Preserving Us: Documenting Life at the Belmont Rocks

LGBTQIA+ historian Owen Keehnen will guest lecture on the legacy of the Belmont Rocks, a now-demolished safe space for queer people to unite in Chicago.

“This was LGBTQ public space. We didn’t have a lot of areas where we could just be gay outside. The Rocks was one of them.”

Owen Keehnen in August 2017

LGBTQIA+ author and historian Owen Keehnen will join Humanities, History and Social Sciences Associate Professor Carmelo Esterrich on April 19 to discuss Keehnen’s efforts to preserve the legacy of the Belmont Rocks, a now-demolished stretch of land along Lake Michigan that was once the only safe space for LGBTQIA+ people to congregate in the daylight. 

At the peak of the AIDS crisis, the Belmont Rocks were a safe space for queer people to unite and have a place for themselves, a “marvelous example of the determination of gay men to be visible and to be public and leave their mark in a sense,” says alum Doug Ischar ’85, whose photo series Marginal Waters documents the vibrancy of the Rocks.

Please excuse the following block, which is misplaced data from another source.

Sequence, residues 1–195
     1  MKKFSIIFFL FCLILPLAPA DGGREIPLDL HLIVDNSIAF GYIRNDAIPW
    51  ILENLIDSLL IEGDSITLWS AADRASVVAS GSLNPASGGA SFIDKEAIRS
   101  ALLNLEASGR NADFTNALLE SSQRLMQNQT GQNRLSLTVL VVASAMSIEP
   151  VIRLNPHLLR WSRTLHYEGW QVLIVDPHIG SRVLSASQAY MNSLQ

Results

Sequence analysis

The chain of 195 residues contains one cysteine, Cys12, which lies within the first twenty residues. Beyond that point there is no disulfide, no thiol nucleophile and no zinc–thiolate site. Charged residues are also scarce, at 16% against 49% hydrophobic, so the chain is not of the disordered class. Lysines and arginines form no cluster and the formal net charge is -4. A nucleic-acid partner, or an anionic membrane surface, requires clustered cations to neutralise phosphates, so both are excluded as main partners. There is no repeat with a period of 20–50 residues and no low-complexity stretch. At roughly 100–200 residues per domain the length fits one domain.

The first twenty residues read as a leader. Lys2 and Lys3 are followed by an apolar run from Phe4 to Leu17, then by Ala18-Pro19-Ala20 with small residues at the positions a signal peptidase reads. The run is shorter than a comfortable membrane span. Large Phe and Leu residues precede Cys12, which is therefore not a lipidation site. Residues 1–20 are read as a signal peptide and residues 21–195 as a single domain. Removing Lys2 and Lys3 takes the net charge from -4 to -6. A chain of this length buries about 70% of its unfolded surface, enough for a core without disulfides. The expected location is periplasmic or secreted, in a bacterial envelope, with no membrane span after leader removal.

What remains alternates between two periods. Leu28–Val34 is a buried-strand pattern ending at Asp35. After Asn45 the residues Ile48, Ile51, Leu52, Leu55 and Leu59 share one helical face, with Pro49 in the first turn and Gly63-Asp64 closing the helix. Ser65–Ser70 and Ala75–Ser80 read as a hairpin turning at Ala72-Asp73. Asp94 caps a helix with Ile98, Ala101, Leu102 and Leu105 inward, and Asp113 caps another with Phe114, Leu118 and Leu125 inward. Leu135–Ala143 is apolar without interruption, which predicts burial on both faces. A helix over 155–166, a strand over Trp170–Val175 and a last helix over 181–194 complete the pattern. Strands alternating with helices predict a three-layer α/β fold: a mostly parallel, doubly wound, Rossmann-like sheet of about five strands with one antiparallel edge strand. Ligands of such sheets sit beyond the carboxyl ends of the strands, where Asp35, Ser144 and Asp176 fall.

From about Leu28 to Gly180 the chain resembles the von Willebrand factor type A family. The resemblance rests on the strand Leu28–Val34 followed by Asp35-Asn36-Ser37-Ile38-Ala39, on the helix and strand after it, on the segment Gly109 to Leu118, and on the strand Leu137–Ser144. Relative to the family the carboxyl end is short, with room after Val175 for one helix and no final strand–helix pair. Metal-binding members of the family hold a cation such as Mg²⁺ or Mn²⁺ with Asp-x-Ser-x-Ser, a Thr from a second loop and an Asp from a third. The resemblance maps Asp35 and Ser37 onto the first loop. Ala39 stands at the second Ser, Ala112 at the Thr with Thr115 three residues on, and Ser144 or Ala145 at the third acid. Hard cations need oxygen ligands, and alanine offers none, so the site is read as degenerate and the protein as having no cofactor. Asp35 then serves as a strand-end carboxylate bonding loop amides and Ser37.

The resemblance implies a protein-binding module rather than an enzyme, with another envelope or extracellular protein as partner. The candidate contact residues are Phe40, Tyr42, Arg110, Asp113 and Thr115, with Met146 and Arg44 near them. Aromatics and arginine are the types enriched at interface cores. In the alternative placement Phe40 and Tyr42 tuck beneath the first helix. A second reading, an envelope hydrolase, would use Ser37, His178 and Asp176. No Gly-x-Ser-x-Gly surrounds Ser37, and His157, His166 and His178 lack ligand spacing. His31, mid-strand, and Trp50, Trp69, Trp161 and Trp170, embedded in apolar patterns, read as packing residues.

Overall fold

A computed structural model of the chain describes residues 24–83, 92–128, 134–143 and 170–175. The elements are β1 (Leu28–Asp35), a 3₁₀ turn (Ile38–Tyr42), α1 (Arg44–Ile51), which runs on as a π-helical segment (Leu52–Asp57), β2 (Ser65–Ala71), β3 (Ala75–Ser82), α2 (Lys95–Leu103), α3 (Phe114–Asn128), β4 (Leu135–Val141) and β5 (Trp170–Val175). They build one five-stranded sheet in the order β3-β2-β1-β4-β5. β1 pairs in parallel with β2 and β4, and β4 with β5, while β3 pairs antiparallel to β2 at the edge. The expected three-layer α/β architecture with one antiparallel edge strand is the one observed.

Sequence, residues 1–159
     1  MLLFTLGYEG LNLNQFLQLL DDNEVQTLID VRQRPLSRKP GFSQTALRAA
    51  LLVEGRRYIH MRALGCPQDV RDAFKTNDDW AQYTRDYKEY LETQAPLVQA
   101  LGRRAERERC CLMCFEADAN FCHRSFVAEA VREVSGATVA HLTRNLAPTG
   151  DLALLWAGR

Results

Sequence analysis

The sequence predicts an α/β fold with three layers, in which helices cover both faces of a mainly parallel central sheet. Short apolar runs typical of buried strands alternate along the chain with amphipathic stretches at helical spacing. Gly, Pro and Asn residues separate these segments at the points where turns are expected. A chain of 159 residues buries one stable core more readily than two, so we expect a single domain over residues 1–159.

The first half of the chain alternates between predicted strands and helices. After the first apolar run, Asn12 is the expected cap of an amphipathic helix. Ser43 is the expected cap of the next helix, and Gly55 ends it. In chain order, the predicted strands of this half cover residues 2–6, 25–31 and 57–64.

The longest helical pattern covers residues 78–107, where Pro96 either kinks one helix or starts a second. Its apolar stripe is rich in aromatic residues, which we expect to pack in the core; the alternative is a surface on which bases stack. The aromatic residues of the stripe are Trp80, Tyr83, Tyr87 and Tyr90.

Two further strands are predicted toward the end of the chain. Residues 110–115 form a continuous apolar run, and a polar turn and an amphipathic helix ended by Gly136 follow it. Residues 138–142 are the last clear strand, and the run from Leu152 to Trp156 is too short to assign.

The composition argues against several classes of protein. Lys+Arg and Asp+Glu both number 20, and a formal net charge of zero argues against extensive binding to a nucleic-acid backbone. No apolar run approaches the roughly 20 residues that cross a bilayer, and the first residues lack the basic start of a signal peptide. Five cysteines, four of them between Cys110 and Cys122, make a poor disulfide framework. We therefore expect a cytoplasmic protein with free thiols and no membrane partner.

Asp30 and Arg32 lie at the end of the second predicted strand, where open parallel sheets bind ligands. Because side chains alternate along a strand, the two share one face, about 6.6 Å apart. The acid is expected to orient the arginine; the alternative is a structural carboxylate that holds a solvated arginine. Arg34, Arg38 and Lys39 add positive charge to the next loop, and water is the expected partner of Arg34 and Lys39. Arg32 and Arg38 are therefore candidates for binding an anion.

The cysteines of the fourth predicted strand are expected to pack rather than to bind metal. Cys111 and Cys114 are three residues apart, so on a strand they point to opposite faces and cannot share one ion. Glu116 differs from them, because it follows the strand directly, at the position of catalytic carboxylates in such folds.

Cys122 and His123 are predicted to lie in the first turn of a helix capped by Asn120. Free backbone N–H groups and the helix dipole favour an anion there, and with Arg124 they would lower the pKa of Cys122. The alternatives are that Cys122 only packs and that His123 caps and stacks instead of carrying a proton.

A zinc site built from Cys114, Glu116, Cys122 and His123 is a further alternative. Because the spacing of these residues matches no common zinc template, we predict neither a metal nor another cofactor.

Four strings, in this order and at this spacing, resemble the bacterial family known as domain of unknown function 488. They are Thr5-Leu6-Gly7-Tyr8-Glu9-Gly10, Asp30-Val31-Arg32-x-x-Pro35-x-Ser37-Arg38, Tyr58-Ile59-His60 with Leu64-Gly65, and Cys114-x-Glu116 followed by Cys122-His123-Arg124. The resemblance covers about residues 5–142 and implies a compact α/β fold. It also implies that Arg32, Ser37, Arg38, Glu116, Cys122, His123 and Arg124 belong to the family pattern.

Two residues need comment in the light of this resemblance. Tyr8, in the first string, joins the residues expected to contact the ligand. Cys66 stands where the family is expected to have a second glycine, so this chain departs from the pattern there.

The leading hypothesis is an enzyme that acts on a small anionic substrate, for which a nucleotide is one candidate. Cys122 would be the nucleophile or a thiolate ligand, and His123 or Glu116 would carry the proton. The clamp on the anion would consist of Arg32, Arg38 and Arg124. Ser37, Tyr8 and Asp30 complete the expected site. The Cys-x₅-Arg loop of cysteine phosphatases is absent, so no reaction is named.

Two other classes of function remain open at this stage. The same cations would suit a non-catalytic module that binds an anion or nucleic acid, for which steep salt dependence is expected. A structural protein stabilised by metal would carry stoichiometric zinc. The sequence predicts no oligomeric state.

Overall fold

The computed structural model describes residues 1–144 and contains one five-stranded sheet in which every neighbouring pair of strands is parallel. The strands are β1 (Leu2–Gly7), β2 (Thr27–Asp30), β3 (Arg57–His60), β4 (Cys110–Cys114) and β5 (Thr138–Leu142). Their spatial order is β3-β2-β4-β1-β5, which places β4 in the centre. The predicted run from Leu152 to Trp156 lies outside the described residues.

Keehnen, the author of Chicago LGBT historical biographies Leatherman: The Legend of Chuck Renslow, Jim Flint: The Boy From Peoria, and Vernita Gray: From Woodstock to The White House, and the novels The Sand Bar and Matinee Idol, is currently at work on the anthology A Place for Us: LBGTQ Life at the Belmont Rocks.

Following Keehnen’s presentation will be an audience discussion and Q&A. 

Preserving Us: Documenting Life at the Belmont Rocks
Thursday, April 19
5:30-7 p.m.
624 S. Michigan Ave.
Library, 3rd Floor North Reading Room